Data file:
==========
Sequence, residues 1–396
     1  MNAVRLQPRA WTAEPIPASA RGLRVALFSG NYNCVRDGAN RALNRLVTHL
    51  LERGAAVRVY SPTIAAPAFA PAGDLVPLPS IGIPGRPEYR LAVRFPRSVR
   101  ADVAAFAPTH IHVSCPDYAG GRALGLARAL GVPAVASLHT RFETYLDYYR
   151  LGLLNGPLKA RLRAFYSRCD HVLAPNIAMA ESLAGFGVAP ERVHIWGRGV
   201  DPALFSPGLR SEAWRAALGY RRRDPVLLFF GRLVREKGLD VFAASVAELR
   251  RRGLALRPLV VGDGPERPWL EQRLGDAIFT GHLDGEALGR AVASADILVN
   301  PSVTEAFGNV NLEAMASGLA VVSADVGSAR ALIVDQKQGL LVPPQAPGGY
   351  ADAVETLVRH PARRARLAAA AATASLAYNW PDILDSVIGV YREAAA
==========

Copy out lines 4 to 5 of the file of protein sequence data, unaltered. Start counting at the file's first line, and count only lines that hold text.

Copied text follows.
   101  ADVAAFAPTH IHVSCPDYAG GRALGLARAL GVPAVASLHT RFETYLDYYR
   151  LGLLNGPLKA RLRAFYSRCD HVLAPNIAMA ESLAGFGVAP ERVHIWGRGV